While Victor Hecker was a student in community college, he answered an ad to be a swim instructor for a chain of swim schools in the Los Angeles area called Swim Art Swim Schools. They held summer swim lessons in pools in Los Angeles, Hollywood, Covina and Long Beach.
No experience was required, which was ideal because Hecker was a basketball player, not a swimmer. According to Hecker, the swim school did a good job of training instructors. At the end of the summer, they held a competition in Hollywood. The owner allowed Hecker to be an honorary coach and although his kids didn’t win because they were newer swimmers, they did well. He said he noticed how well-coached the winning team was. “The experience tickled my interest,” he said, “I stayed with the swim school for more years, learning and improving as a coach.” He was able to buy his first swim school from his boss and eventually owned swim schools in La Habra, Whittier and Long Beach.
He was studying at Cal State Long Beach and was influenced by Kinesiology professor Herb de Vries who had written many books on swimming and fitness, as well running the Long Beach Swim Club. Hecker said de Vries was very motivating and he learned a lot from him. Hecker also attended all the AAU clinics he could with the greats sharing their knowledge like Peter Daland and Doc Councilman and Don Gambrel. “The coaches took an interest in me because I was so interested in learning and improving.”
He began to have success with a young age group of 12-13-year-olds. They traveled to swim meets in Southern California and other parts of the country. “Word got out because were getting good,” he said.
“Paul Cohee, who was the father of one of my swimmers at Lynwood Swim Club, was superintendent of the school district,” Hecker said. “At the time, I hadn’t finished my four-year degree, but Cohee told me to finish my degree and he would bring me on board to teach and coach at Lynwood High School.”
“In 1967, I went to a clinic in Washington state at the University of Washington. Mark Spitz came with his coach and I came with one of my high school swimmers, Frank Heckl, who went to Olympic Trials was recruited all over the country,” he said. “Different coaches got to give a workout and I got a lot of calls after my workout from other coaches because of the creative things I was doing.”
Frank Heckl won the 200 free at CIF in Southern California and had the National High School record, which was then broken the next day in Northern Cal by Mark Spitz. Heckl went on to swim for USC and was a seven-time Pan American Games medalist and former world record-holder in two relay events. Hecker said he had the privilege to coach Shirley Babashoff and her brother Jack at Lynwood High School. Babashoff became a world record holder and gold medalist from the 1972 and 1976 Olympics. He said his Lynwood High School swimmers were some of the best from 1970 through 1973, finishing in the top five of the country.
Before Title IX, he said there wasn’t a CIF meet for girls. He was instrumental in getting a championship meet for high school girls at the Beverly Hills pool in 1970 and received a plaque thanking him for his efforts.
In 1974, he received an offer to be the first swimming coach at the University of Nevada, Las Vegas. He was promised 13 scholarships and many of his high school swimmers followed him to UNLV. Unfortunately, the Athletic Director didn’t follow through with his many promises, and the scholarships weren’t available until his athletes gained residency. He lost many of his swimmers to University of Texas and USC and other powerhouse swim schools.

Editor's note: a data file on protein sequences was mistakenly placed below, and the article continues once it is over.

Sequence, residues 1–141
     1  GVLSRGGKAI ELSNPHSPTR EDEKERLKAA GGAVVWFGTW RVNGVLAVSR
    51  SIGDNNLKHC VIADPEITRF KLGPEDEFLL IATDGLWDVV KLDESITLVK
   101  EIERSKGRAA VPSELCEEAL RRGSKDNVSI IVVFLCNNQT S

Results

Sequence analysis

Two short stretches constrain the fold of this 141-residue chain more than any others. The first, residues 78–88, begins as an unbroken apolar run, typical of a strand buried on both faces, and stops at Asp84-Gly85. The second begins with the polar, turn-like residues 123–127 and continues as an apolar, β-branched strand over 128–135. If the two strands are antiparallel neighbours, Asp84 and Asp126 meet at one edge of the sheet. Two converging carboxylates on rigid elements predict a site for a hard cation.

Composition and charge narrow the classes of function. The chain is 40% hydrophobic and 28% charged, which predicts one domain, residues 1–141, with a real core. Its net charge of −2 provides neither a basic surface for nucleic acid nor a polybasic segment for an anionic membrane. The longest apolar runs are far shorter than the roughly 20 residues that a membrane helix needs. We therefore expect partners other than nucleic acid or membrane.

While at UNLV, Hecker began the Las Vegas Swim Club and grew the team to more than 250 swimmers. His goal was to develop swimmers at his AAU club to eventually swim at UNLV. He was told by the administration that his club team was a conflict of interest, so he decided at that time to leave UNLV as head coach and focus on the club. He soon had swimmers competing at Junior Nationals and Nationals with the best teams in the country.
While coaching, he also earned his real estate license and said the late 70s and 80s were a great time to be in real estate in Las Vegas. He retired from coaching in the 1980s to focus on his real estate business. It wasn’t until 2000 that he coached his youngest daughter who was in high school in the Las Vegas Municipal pool. Other swimmers asked him for pointers. Soon, he found himself coaching a group of adults which was the start of the Las Vegas Masters.
He is so respected that some swimmers move to Las Vegas to be in his program. Club members wear shirts with the saying, “We swim for Vic.” He said his masters has many great swimmers including former All-Americans as well as beginners. This year, the Las Vegas Masters placed third at the 2017 US Masters Spring Nationals, following The Olympic Club and San Diego Swim Masters.
Coach Vic’s philosophy is that you swim forever, not a season. He believes that swimming keeps people healthy and young. At 82-years-old, coaching keeps Victor Hecker young, active and healthy, too.
From the Las Vegas Masters website:
Coach Vic won the award for 2014 Southern Pacific Coach of the Year! Congratulations Coach Vic! You deserve it!
Coach Victor Hecker has been guiding Las Vegas Masters swim team to great successes since 2000, including our big WINS at the 2015 and 2016 SPMS Regional & SW Zone Championships.
- Named SPMS Coach of the Year in 2005 and 2014!
- Awarded the Kerry O’Brien Coaching Award in 2015
- Certified USMS Level 3 Masters Coach
- Coaching swimming in the Las Vegas area since 1974
- Former UNLV collegiate swimming coach
- Coached Olympic gold-medalists, Olympic Trials qualifiers, and world record holders
- Coached swimmers include recreational, triathletes, competitive swimmers
- Works with competitive swimmers to set goals and specializes in discerning the critical differences to success